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Monday, 30 July 2012

Olympic Cycling Mens Road Race 2012

The trouble with having a job that is also your hobby, is every now and again, out of choice, you go and basically work for free. Given that this was the nearest to the Olympic site in london that I wanted to get - going over to Dorking to take photos of the Mens Cycling Road race was my only option to see some top level sport and also to put my professional skills to the test.

Knowing the roads around the area, and seeing the route, I drove to a small village south of Dorking and then cycled with my 17kg photo kit on my back up Flint Hill, past the centre of town, down the actual route from the town (well the cycle path was blocked with pedestrians) to some muted cheers from the assembled masses (which was nice), then along the shut A24 up to the area I had planned to get some good fast action - an area of downhill roads with good views and where the bikes went past 8 times.

Here's my route and locations:
Only about a 5 mile ride, on a tractor of a bike with the wrong tyres and a saddle that's too low. Never mind - it got me there and back !

I went home and watched the race again on the BBC iPlayer - trying to figure out what had happened on the laps around Box Hill and how the breakaway managed to give the peloton the slip. A peloton which on each lap the British team were spearheading on each and every lap, followed by the Germans - who only got in the front four by mistake when they weren't paying attention. And every now and again the Belgians found themselves to close to the front too.

Basically it was the GB cycling squad making the chase and load of others not wanting to let them give Cavendish a chance. They had to make it away from the Peloton without the GB squad - because if there was just a peloton at the end - Cavendish was odds-on to win.

The GB strategy was to arrive at the finish and chase down any breakaways with the lead 4 putting in the work to slingshot Cavendish at the finish.  The one small problem was it was GB 4+Cav+Peloton chasing 24 cyclists in the final breakaway who were all putting in a fair share of the effort.

The final 24 were never going to be caught by a team of 4 - just consider the relative work effort and work share at the front, and it was never going to be done without the rest of the peloton taking a turn.

It seems the breakaway group that made it ahead before Dorking kept roughly in front by about 23 seconds on each lap, and a few efforts and a mini break that tried to catch them from the peloton got ahead for 10 seconds but that got caught by the peloton before lap 8, meant there was only the one climb left before the return to Leatherhead and back into london. A gap of 23 seconds to bridge, and only one climb left.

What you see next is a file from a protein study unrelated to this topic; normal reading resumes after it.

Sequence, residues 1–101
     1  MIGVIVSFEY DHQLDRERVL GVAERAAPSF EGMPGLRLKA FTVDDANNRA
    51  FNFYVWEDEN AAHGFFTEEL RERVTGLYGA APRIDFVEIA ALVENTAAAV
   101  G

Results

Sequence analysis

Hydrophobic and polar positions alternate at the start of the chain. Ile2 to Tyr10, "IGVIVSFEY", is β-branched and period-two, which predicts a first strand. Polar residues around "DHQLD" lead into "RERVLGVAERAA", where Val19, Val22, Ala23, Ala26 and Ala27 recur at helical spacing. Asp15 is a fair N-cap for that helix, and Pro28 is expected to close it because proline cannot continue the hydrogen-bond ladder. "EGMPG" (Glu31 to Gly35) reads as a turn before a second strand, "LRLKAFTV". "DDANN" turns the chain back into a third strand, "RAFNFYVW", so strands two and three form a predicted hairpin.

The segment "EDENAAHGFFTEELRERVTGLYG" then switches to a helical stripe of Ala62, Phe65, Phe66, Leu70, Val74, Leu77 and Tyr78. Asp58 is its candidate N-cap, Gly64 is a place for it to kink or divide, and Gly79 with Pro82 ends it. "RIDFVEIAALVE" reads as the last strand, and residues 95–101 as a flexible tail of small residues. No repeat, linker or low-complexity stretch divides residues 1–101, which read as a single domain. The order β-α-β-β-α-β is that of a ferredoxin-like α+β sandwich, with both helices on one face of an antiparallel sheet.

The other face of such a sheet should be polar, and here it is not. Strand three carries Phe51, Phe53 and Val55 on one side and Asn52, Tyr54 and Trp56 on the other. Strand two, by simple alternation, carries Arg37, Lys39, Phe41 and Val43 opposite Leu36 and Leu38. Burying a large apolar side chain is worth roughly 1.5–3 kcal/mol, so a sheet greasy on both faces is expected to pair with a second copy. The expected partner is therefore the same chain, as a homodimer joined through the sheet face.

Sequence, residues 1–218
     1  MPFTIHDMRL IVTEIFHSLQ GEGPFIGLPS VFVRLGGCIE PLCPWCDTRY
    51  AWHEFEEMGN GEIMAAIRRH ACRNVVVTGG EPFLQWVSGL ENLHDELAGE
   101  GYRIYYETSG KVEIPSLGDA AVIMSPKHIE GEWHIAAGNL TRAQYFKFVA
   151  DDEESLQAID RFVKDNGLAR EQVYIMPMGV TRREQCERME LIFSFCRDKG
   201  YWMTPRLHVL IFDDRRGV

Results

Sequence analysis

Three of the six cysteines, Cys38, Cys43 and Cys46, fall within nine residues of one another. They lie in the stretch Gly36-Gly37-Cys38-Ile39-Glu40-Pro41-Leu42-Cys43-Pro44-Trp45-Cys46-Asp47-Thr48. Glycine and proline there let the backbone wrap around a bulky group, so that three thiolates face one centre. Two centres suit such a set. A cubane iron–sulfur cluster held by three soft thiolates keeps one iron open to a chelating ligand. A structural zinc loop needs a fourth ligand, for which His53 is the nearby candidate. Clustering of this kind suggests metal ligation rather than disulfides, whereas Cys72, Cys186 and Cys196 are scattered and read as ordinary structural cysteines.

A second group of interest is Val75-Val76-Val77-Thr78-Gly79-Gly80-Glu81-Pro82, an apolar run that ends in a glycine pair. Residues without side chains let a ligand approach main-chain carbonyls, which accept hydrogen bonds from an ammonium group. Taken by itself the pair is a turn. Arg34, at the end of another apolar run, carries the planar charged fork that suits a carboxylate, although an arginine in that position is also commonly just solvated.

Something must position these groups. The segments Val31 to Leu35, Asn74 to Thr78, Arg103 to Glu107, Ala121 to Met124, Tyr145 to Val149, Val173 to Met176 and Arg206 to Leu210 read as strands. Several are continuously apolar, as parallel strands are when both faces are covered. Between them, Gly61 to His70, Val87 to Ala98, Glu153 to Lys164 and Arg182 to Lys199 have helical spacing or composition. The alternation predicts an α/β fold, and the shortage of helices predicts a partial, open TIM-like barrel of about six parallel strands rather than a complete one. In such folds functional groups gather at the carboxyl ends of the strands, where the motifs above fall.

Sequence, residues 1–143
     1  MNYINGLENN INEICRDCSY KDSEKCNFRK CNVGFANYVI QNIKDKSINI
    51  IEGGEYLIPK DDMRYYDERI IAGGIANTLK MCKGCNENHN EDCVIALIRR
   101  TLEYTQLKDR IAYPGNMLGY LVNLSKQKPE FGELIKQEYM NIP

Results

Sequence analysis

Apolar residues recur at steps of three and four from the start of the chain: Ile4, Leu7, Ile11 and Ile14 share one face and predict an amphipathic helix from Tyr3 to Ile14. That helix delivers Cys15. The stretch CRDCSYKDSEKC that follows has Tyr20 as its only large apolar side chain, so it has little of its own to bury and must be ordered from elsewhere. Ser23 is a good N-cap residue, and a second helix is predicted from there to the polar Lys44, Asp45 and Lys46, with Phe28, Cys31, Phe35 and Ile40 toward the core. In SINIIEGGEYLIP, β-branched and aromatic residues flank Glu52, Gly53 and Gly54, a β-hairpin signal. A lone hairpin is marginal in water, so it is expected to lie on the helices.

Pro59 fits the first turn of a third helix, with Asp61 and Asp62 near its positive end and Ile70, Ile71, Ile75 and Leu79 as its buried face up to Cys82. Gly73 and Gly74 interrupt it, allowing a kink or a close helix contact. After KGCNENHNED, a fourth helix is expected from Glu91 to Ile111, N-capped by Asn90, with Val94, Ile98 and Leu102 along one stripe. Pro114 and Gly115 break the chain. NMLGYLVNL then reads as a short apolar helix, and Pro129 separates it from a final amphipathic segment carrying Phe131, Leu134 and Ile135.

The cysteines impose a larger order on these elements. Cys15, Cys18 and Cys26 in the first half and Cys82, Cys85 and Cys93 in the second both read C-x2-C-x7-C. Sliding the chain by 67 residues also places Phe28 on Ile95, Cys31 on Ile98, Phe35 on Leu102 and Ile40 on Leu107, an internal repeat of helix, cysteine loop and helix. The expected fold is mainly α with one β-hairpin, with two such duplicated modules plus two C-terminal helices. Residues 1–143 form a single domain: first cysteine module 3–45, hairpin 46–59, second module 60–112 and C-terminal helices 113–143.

I think it was on the final climb that the final winner Kazakstans' VINOKUROV Alexandr 
managed to bridge the gap from the Peloton to the breakaway group, and then work his way to take the victory.
With the flat roads on the way back from Leatherhead it was too fast to catch , and the gap grew to 40 seconds - knowledge that fortunately Elizabeth Armitstead said she was able to put into practise to her advantage on Sunday to win Silver.

Team GB being followed, with the odd German getting lost
Getting the size of the crowds - not a square foot spare

Cavendish under Bradley Wiggins wing as the front two of David Millar and Ian Stannard (off picture) discuss tactics

Cavendish, Froome turning to talk to him (behind Wiggins) Wiggins, Confused German, Millar (shouting at Stannard)

Cavendish cups his ear to listen to Froomes tactics
"you what?" Cavendish listening for team tactics

Froome takes a bite out of his thumb to refuel, whilst Wiggins, Stannard and Millar provide the engine to drag Cavendish along to the planned ideal finish.

The lead group, of which Alexander Kristoff (at the back in red) made it to Bronze.

The TV cameramen swap jokes on the way round

Rolf Harris was on the motorbike and was showing sketches to the peloton to help take their mind of things

Cavendish kept in place ready for his chance later

Things get a bit busy when the peloton passes

The police Bikers got into the spirit of the race, despite his numberplate.

Belgian Philippe Gilbert had a quick go off the front to see how he'd get on. Not for long.

The GB team again leading the pack, this time with a lost Austrian

Wiggins and Millar leading out
This is my favourite shot of the day, Wiggins and the GB team leading the peloton, Union Flag at the side, and the eventual Gold medallist Alexandr Vinokurov at the head of the rest, just before the last climb up Box Hill. Sums up the race really.
I need to go back through my images to see if I did get the silver medal Rigoberto Uran Uran from Columbia (bike 52).
Here's the results

It was a long day - out taking shots for about 3 hours in quite strong sun, with a 5 mile ride each end, and a 17kg pack. 3ltrs of water and I was still dehydrated, all for 8 chances at the shot. I think my main conclusion - chasing around the Tour de France without a local motorbike rider and going pillion would be a pretty high-risk strategy to try to get plenty of shots. I think I learnt a new level of respect for those photographers.

And next time - I wouldn't take the heavy long lens, or the second camera. That would have halved my pack weight!

Right, I hope you enjoy the rest of the Olympics, I'll next be at the Milland Valley half-ish marathon - which should be good fun next sunday. See you there - down the end of the A3 -
See you there ?

Until next time,


  1. Sounds like you had great fun :0). And the photos are fab.

  2. Nice pictures Ant - like your Rolf Harris comment!
    looks like we were just up the road from you, no camera for me though, two kids and food for the day was enough luggage

    - the lost Austrian was Bernie Eisel, Cav's teammate from Sky - "recruited" to help for the day!